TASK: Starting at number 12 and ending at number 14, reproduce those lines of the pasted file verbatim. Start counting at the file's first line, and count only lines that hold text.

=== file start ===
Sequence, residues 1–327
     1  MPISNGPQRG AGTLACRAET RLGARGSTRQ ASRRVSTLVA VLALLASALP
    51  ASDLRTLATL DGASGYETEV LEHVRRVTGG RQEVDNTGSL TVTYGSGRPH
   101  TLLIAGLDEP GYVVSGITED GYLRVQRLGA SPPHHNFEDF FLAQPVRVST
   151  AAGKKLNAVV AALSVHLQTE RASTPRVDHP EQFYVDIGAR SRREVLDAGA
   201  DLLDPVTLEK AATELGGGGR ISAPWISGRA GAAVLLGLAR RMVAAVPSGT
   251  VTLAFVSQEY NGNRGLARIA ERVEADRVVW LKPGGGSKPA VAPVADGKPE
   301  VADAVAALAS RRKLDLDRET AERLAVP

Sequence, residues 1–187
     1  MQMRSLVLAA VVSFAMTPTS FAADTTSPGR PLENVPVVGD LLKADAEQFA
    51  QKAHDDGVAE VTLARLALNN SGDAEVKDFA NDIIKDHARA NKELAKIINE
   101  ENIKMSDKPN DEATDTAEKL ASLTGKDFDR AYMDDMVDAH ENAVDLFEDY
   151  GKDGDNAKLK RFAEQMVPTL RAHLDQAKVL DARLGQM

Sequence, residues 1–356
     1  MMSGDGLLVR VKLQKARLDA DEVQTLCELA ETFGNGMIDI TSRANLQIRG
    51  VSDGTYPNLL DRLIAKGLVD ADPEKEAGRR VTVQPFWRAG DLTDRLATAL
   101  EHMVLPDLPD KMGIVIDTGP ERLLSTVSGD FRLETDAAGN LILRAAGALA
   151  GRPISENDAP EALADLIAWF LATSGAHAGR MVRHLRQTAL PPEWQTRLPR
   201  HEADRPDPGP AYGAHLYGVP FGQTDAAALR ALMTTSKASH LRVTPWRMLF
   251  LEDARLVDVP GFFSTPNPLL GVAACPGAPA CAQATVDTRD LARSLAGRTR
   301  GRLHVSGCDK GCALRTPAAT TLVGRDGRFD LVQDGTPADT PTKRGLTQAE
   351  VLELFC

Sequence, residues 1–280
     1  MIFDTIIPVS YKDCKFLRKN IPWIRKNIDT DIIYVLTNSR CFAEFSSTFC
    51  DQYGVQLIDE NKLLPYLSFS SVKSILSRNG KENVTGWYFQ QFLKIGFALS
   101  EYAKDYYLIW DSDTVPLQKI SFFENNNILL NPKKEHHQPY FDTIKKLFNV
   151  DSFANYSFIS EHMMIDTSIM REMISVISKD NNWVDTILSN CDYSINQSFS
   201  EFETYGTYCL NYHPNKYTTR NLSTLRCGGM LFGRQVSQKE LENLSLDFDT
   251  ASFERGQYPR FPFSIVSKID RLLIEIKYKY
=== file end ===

   101  ENIKMSDKPN DEATDTAEKL ASLTGKDFDR AYMDDMVDAH ENAVDLFEDY
   151  GKDGDNAKLK RFAEQMVPTL RAHLDQAKVL DARLGQM

Sequence, residues 1–356